Crystal explanation of what I that improved the used contextual understanding of the capital letters Used full stops and
Year 3 Clement 3 2 1 am looking for. 5 academic performance 2 knowledge. 3 comprehension of text 5 sometimes. 4 capital letters seldom. 11 14
Below average for word Used full stops,
Did not understand Student knew WILF and meaning. However the quotation marks, capital
what was required for that improved the showed good word overall results would consistently used full letters and concluding
Year 3 Mia Sullivan 2 3 0 the short questions 3 academic performance 3 recognisation 2 suggested otherwise. 8 stops and capital letters 10 paragraph. 13 18
Did not understand Student knew WILF and excellent word Used full stops and Used full stops and
Roshani what was required for that improved the recognisation and showed good word capital letters capital letters
Year 3 Fernando 3 3 1 the short questions 3 academic performance 5 meaning 3 recognisation 9 consistently. 9 consistently. 18 18
therefore does not Only answered half the excellent word excellent word Used full stops and
Saffron know the specific question and is not recognisation and recognisation and capital letters Seldom used full stops
Year 5 Pedrana 3 3 4 characteristics of 3 genre aware. 5 meaning 5 meaning 5 sometimes. 4 and capital letters. 17 15
Did not understand
what was required for excellent word Used full stops and Used full stops,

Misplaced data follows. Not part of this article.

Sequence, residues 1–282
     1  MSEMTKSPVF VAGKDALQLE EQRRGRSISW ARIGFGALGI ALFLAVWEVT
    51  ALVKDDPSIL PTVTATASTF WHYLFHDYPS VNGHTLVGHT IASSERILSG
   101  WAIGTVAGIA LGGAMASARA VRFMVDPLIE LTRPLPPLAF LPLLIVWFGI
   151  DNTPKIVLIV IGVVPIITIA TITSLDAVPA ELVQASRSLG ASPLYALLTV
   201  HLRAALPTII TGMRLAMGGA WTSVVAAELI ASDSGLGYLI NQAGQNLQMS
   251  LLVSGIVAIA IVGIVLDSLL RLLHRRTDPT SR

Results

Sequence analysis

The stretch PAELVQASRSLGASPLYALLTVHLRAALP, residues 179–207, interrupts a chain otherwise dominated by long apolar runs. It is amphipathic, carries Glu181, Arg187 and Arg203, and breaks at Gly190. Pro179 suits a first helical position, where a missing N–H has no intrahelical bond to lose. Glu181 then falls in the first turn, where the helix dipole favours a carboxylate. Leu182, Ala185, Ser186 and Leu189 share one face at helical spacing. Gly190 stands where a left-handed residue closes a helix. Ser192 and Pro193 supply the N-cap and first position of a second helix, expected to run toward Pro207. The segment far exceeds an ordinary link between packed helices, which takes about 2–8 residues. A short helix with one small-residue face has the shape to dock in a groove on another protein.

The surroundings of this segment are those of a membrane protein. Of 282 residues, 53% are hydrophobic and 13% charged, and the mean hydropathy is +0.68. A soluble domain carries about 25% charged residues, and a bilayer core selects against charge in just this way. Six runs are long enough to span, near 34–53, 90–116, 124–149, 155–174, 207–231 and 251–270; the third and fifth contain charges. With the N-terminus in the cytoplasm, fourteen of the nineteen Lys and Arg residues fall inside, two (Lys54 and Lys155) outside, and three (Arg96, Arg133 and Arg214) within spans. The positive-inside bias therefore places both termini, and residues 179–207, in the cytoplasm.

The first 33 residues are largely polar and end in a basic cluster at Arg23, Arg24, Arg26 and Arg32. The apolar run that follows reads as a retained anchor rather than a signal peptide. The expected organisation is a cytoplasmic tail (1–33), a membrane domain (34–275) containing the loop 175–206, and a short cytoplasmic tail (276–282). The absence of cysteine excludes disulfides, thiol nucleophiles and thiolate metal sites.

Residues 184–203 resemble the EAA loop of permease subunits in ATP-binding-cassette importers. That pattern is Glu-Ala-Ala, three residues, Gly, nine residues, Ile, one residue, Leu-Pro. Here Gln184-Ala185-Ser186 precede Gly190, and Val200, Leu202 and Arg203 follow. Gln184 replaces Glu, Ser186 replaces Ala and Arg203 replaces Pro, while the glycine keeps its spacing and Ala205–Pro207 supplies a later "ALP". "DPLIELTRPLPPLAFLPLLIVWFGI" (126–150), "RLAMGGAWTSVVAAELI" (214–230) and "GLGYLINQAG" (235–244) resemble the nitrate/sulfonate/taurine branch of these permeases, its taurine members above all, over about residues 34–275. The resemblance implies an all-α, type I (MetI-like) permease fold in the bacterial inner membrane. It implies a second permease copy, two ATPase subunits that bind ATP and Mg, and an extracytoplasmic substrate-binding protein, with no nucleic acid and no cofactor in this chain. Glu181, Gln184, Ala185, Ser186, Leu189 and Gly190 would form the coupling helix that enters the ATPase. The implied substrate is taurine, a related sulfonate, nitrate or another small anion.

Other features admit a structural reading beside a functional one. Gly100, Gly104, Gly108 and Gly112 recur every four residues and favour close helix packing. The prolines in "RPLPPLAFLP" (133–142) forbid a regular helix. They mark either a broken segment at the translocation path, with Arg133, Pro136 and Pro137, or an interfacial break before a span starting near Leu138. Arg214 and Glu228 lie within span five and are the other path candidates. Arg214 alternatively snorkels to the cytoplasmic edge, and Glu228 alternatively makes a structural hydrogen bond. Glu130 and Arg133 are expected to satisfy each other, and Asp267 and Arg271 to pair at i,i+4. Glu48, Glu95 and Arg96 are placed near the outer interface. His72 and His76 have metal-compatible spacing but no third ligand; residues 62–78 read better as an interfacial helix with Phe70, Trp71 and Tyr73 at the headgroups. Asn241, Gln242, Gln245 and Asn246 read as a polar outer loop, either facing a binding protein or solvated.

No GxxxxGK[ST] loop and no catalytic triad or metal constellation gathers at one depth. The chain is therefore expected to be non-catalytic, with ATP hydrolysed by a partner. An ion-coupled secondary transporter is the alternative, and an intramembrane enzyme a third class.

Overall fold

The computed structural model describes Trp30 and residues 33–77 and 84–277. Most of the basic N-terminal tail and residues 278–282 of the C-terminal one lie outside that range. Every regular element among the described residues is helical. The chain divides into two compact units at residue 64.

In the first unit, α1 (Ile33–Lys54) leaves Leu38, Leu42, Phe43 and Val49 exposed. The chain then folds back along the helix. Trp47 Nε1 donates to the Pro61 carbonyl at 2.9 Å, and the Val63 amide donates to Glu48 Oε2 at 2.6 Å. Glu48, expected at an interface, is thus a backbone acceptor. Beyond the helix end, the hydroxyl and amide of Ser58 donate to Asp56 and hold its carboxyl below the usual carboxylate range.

Molly the short questions and slight improvement with recognisation and showed good word capital letters paragraphs, and capital
Year 6 Pedrana 2 3 1 is not genre aware 2 WILF 5 meaning 3 recognisation 9 consistently. 10 letters. 17 18
References:

Amy Seely Flint, L. K., Kaye Lowe, Kylie Shaw. (2014). Literacy in Australia: pedagogies
for engagement. Milton, Qld: John Wiley & Sons Australia,Ltd.
Bagley, S. S. (2010). Students, teachers and alternative Assessment in secondary school:
Rational Models Theory (RMT) in the Field of Educational. The Australian
Educational Researcher, 37(1), 83-106.
Casey, D., Burke, E., Houghton, C., Mee, L., Smith, R., Van Der Putten, D., . . . Folan, M.
(2011). Use of peer assessment as a student engagement strategy in nurse education.
Nursing and Health Science, 13(4), 514-520. doi:10.1111/j.1442-2018.2011.00637.x
Marion, S., & Leather, P. (2015). Assessment and Accountability to Support Meaningful
Learning. Education Policy Analysis Archives. doi:10.14507/epaa.v23.1984
Mesa, J. C., Pringle, R. M., & King, N. (2014). SURFACING STUDENTS' PRIOR
KNOWLEDGE IN MIDDLE SCHOOL SCIENCE CLASSROOMS: Exception or the
Rule? Middle Grades Research Journal, 9(3), 61.
Newman, C. (2014). Writer’s Forum—Using peer critique to promote learning. New
Horizons in Adult Education & Human Resource Development, 26(3), 66-70.
The appendices for the data collection can be found at the action research link. The
appendice folder contains the following action research data;
a. Consent Forms (5 each)
b. Short story Part A
c. Questionnaires Part A
d. Short story Part B
e. Questionnaires Part B
f. Assessment answers

action research.PDF